Jordan Bell: Stepping Up On The Biggest Stage

Jordan Bell’s playing time had been sporadic through the Warriors’ first 11 games of this year’s NBA Playoffs. During the first round he logged just under 13 minutes across the first three games against the Los Angeles Clippers, and did not receive any playing time in the next two before entering the final game of that series for two minutes.

Then, the Dubs went up against the Houston Rockets in the Western Conference Semifinals, during which Bell had less than one minute of total playing time across the first five games.

In all, Bell had 26 minutes of action over six games played through the Warriors’ first 11 postseason contests, and five DNPs.

But headed into Game 6 of the conference semifinals, the Warriors frontcourt was depleted with injuries to Kevin Durant and DeMarcus Cousins, so the team had to lean on their bench for additional help to finish off the Rockets. In the absence of two stars, Bell received the nod to play 11 minutes and responded with a solid contribution of four points, two rebounds, and two blocks.

Draymond Green has watched Bell put in the extra practice time to be ready whenever he is needed: “It's the staying ready… even when you're not playing for 10 games straight, staying in the gym, being there early and getting the work in.”

“As a vet on this team, you see those things and you know, this guy been in the gym, and when his number get called, he's either going to be ready or not,” Green added. “We have confidence in Jordan because we know how it's been going in the gym all year long.”

Bell said that being tapped for extra minutes in Game 6 of the Western Conference Semifinals had an impact on him: “When the coach calls your name in Game 6 against Houston at their place, and a game where we can possibly end it there, it gives you a lot of confidence going into the (next) series.”

That confidence was on full display with a well-rounded contribution in the Western Conference Finals where Bell averaged 6.8 points, 2.3 rebounds, 2.0 assists, 0.8 steals, and 0.5 blocks in over 13 minutes per game.

He played well in the team’s first game against the Portland Trail Blazers (three points, four rebounds, three assists, plus/minus rating of +7), earning him a few more minutes in Game 2. It was in that next game, however, when Bell’s skills came out in full force: 11 points, three rebounds, two steals, and one block.

In Game 3 he filled the stat sheet once again, including six points and a block. His performance came with his highest plus/minus rating of the 2019 Playoffs in a game: +10. Bell was thriving, and the team was benefitting from his energy while he was on the hardwood.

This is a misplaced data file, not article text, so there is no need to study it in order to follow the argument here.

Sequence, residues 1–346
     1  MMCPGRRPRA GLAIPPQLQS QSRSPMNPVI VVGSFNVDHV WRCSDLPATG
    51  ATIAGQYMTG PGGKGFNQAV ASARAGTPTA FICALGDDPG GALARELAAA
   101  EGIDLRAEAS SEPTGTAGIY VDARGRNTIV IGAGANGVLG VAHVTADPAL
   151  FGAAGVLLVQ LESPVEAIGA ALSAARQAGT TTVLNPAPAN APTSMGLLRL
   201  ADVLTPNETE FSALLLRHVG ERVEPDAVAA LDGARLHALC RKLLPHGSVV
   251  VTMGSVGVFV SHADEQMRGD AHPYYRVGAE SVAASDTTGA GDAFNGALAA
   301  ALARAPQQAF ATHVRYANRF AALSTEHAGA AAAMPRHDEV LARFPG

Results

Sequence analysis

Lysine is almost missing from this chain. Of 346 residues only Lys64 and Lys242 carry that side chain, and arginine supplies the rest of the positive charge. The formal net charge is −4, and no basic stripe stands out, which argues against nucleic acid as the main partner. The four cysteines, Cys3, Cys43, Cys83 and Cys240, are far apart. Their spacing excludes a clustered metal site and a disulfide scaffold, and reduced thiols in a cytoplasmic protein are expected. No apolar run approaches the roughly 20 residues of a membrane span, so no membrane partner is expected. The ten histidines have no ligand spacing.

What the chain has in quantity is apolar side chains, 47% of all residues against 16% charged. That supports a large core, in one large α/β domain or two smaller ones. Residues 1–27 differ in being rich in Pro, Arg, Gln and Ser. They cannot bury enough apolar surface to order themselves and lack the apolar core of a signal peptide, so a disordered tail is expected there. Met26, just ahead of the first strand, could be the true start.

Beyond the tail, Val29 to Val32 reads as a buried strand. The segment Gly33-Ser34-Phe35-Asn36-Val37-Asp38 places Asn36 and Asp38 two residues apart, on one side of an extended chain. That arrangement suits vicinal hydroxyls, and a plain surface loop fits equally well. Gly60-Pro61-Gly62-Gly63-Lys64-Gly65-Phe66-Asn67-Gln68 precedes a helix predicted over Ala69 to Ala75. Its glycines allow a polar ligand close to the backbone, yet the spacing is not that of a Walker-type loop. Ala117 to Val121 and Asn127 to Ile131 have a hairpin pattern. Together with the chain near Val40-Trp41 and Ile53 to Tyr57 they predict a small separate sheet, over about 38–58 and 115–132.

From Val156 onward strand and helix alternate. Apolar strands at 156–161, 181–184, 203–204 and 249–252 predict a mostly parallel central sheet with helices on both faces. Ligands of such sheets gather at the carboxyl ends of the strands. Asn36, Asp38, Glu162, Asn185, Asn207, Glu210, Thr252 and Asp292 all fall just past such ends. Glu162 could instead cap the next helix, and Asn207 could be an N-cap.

Where could Bell go from there?

Steve Kerr’s answer: the starting lineup.

Prior to Game 4 in Portland, and to make up for being without Andre Iguodala due to a lower leg injury, Bell, along with Alfonzo McKinnie, drew their first-career playoff starts. Once again, Bell showed what he could do for the Dubs on both sides of the ball as he produced seven points, two assists, and another steal in 14 minutes.

Kerr said that the matchup with Portland was part of the reason why Bell has seen increased minutes, but his performance earned him even more time: “It's a good series for him. It's a good matchup. The way we're playing suits him. We need a lot of speed out there… He's not in a rush and he's playing good basketball, so he will continue to get minutes.”

The outburst and demonstration of his growth has been a welcome site to Dub Nation, but also one that comes as no shock to his teammates.

Green said of the young forward: “I think [Bell’s] evolved mostly mentally. Obviously he's shooting the ball better. He's more confident in his little 10 to 14-foot range. He's shooting his free throws better. You know, he's gotten more intelligent. I think all those things are great but more important than all of that, is mental… I think right now, that's paying off for him the most.”

It’s not just the preparation that has been key for Bell in the postseason though, but also a natural enthusiasm that is simply a part of who he is.

“Jordan Bell is one of those guys who has got that energy,” said Andre Iguodala. “He thrives off the spotlight. He enjoys being in those moments and people are watching him.”

Bell, in just his second year in the NBA, has stayed prepared for his moments through the playoffs; now, Dub Nation is watching the young forward grow at the right time and on the biggest stage.

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